The adolescent brain is different than the young adult brain, and the same could be said for a young adult and an adult’s brain. Nonetheless, peoples’ brains do not suddenly change from adolescent to a young adult on their 18th birthday. The age 18 threshold in regards to Seroxat side effects is ridiculous.
According to recent findings, the brain does not fully mature until at least 25 anyhow, and furthermore, it is also arguable that prescribing an SSRI drug over a long period of time could affect how the young adult brain develops. If SSRI’s cause birth defects so easily, I dread to think what kind of damage they do to our brains (at any age).
Millions of adolescents were prescribed Seroxat (Paxil/Aropax) when they were under 18, particularly in the late 90s/early 2000’s and many of them had serious reactions, but they weren’t warned of the dangers, so many they stayed on the drug until they were over-18, even though it was doing them damage. Many of these teenage Seroxat casualties could not come off it because of the severe withdrawal reactions Seroxat induces, some stayed on it well into adulthood. Some committed suicide because of Seroxat, some got off, and some are still enslaved to it.
The issue of Seroxat causing so much harm to under’18s raises a huge red flag for Seroxat in all ages groups, a red flag which many have been trying to draw attention to for over a decade now. However, the MHRA have no interest in Seroxat harming adults, or children, or Seroxat harming anyone in fact. After 25 years of constant bad press, and clear evidence that Seroxat is a dangerous drug, the MHRA continue to allow it on the market. Why?
Personally, I believe that the MHRA possibly suspect that Seroxat is lethal, but if they pulled it now (after all these years of ineptitude), or admitted that Seroxat harms adults in the same way, they would open themselves up for obvious negligence, and an admittance would open too many cans of worms, therefore they continue to deny, ignore or obfusticate because that’s the only way they know how to deal it. If they were to acknowledge the truth about Seroxat, that would open their whole regulatory system up to scrutiny. Seroxat was the ‘canary in the coalmine’. It serves as a warning that we are not safe, just like thalidomide did in the 1960’s. If we can’t trust the pharmaceutical companies, and we can’t trust the data on their drugs, and we can’t trust the regulators to keep us safe from harm, how do we trust in the efficacy of any pharmaceutical products? We can’t, and we shouldn’t.
The MHRA’s response to Bob Fiddaman on the question of Seroxat harming under-18’s (but still being prescribed to over-18’s despite the known risks) and the conundrum that is presented within the question itself, is the typically glib and sarcastic response that they have been giving for years now. They simply must not care that Seroxat has killed and maimed many people. If they did they would have done something about it by now..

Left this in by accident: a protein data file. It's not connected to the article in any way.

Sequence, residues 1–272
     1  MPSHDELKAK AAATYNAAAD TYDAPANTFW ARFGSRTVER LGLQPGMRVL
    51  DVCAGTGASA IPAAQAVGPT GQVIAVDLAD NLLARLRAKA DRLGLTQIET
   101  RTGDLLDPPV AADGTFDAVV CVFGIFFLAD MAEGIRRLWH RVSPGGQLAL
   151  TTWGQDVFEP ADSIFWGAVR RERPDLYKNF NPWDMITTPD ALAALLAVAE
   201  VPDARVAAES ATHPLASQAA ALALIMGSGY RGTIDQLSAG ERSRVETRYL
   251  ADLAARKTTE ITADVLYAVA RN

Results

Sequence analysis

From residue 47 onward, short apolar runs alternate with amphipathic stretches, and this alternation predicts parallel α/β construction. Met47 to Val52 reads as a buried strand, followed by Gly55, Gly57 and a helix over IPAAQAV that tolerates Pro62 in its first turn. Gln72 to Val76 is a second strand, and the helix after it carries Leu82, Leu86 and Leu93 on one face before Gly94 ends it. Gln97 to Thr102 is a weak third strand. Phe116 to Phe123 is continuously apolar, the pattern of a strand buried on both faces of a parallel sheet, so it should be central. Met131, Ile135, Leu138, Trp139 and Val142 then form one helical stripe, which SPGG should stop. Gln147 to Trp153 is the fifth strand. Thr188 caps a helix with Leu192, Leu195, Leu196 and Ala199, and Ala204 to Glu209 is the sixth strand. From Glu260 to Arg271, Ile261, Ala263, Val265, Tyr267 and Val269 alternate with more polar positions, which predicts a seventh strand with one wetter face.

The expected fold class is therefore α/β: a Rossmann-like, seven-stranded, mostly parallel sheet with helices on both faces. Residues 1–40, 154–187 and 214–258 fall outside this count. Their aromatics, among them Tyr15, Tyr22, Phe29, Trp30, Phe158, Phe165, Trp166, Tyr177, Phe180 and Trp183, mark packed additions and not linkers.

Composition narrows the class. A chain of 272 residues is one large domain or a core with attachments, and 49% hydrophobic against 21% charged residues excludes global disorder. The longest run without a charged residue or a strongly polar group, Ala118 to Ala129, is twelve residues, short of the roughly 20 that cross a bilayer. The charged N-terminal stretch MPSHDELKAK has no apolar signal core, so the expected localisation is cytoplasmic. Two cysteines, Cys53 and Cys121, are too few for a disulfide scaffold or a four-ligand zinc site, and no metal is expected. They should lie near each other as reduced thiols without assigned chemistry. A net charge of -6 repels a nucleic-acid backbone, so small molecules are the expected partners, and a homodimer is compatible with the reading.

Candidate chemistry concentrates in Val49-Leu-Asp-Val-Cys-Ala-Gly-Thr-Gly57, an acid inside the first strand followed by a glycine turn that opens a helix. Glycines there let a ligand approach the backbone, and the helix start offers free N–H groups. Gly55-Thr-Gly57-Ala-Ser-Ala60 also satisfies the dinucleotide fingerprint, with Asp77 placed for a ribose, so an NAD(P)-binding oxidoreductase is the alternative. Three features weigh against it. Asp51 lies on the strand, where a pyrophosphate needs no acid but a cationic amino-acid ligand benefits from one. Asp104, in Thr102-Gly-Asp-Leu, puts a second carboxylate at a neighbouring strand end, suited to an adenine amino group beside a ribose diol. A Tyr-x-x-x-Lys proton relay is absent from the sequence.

But as we can see from their dismissive response to Bob Fiddaman, they will do anything to avoid opening the Seroxat can of worms..
Dear Mr Fiddaman,
Thank you for your email.
This is a theoretical question which we are unable to respond to as a patient’s health condition will vary for each individual. The clinical care of a patient is the responsibility of their doctor; healthcare professionals are recommended to closely monitor their individual patients on SSRIs for suicidal thoughts and discuss their symptoms with them to determine the best course of action with regards to possible treatment.
Medicines and Healthcare Products Regulatory Agency
It’s interesting how the MHRA are trying to deem that Bob’s question is merely theoretical. It may be theoretical in the way it is phrased, but it is also a real question based on real scenarios, and there are many under 18’s who were prescribed Seroxat and had serious adverse reactions, but because they were in the dark at the time of being prescribed Seroxat, they continued on the drug until adulthood.
The ‘theoretical’ scenario which the MHRA are trying to denigrate and dismiss actually happened to many people. It’s not astrophysics. These events happened to people, and people suffered for it. This is not ‘theoretical’- many people have been harmed from Seroxat. That’s a fact.
It seems to me that when people question GSK about Seroxat they are told to talk to their doctor, but when they ask their doctor their doctor says that its the regulators responsibility to keep us safe from harmful drugs and that they are not responsible for it. If we question the regulator about our concerns about Seroxat, the regulator also tells us that its the doctors responsibility, not theirs. So effectively patients are pushed upon a never ending ‘circle of pass the buck’ with nobody ever taking responsibility. This is just not good enough. Patients deserve better.
I will be interested to see what the MHRA have to say in response to Bob’s last question to them. Their obfuscation tactics, in regards to avoiding the Seroxat Scandal, are really wearing thin after 25 years..
Keep an eye on Bob’s blog for more on this-
Then, based on your answer, pediatrics and adolescents taking SSRi’s off-label are at risk of suicidal thinking but when they reach a certain age (26) they are not at risk, that risk, according to the MHRA SSRi prescribing guidelines, magically vanishes?Currently, SSRi’s are not recommended for anyone up to the age of 25 years, correct?How did the MHRA arrive at this? Was it based on a set of theoretical circumstances?Please explain, in detail, how the MHRA arrived at the decision that any person up to the age of 25 is at a higher risk that those over the age of 25, ie; what criteria did you use?SincerelyBob Fiddaman